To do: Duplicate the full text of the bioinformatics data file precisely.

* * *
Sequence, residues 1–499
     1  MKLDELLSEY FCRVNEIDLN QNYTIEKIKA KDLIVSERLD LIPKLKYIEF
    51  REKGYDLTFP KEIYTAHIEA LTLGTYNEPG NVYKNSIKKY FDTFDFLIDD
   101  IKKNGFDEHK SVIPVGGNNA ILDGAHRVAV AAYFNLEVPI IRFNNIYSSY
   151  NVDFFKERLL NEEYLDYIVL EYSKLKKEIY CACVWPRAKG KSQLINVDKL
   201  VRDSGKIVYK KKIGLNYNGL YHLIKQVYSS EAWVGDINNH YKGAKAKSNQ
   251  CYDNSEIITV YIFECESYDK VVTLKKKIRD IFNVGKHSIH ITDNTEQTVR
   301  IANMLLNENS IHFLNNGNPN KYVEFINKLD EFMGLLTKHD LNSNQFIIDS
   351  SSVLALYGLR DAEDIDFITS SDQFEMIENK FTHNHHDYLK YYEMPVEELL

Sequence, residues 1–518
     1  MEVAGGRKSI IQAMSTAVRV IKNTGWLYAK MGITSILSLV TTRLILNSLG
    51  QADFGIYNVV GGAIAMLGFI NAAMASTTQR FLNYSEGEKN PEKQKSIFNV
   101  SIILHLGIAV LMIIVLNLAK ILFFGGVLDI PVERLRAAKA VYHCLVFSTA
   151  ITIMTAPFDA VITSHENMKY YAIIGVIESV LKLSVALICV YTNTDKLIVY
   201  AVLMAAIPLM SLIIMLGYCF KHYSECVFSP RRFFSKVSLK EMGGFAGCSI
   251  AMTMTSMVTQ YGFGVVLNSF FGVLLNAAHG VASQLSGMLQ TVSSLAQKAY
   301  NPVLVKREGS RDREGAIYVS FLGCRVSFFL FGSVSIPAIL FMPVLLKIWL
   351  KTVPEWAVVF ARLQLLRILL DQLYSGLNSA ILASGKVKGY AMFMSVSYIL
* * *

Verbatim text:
Sequence, residues 1–499
     1  MKLDELLSEY FCRVNEIDLN QNYTIEKIKA KDLIVSERLD LIPKLKYIEF
    51  REKGYDLTFP KEIYTAHIEA LTLGTYNEPG NVYKNSIKKY FDTFDFLIDD
   101  IKKNGFDEHK SVIPVGGNNA ILDGAHRVAV AAYFNLEVPI IRFNNIYSSY
   151  NVDFFKERLL NEEYLDYIVL EYSKLKKEIY CACVWPRAKG KSQLINVDKL
   201  VRDSGKIVYK KKIGLNYNGL YHLIKQVYSS EAWVGDINNH YKGAKAKSNQ
   251  CYDNSEIITV YIFECESYDK VVTLKKKIRD IFNVGKHSIH ITDNTEQTVR
   301  IANMLLNENS IHFLNNGNPN KYVEFINKLD EFMGLLTKHD LNSNQFIIDS
   351  SSVLALYGLR DAEDIDFITS SDQFEMIENK FTHNHHDYLK YYEMPVEELL

Sequence, residues 1–518
     1  MEVAGGRKSI IQAMSTAVRV IKNTGWLYAK MGITSILSLV TTRLILNSLG
    51  QADFGIYNVV GGAIAMLGFI NAAMASTTQR FLNYSEGEKN PEKQKSIFNV
   101  SIILHLGIAV LMIIVLNLAK ILFFGGVLDI PVERLRAAKA VYHCLVFSTA
   151  ITIMTAPFDA VITSHENMKY YAIIGVIESV LKLSVALICV YTNTDKLIVY
   201  AVLMAAIPLM SLIIMLGYCF KHYSECVFSP RRFFSKVSLK EMGGFAGCSI
   251  AMTMTSMVTQ YGFGVVLNSF FGVLLNAAHG VASQLSGMLQ TVSSLAQKAY
   301  NPVLVKREGS RDREGAIYVS FLGCRVSFFL FGSVSIPAIL FMPVLLKIWL
   351  KTVPEWAVVF ARLQLLRILL DQLYSGLNSA ILASGKVKGY AMFMSVSYIL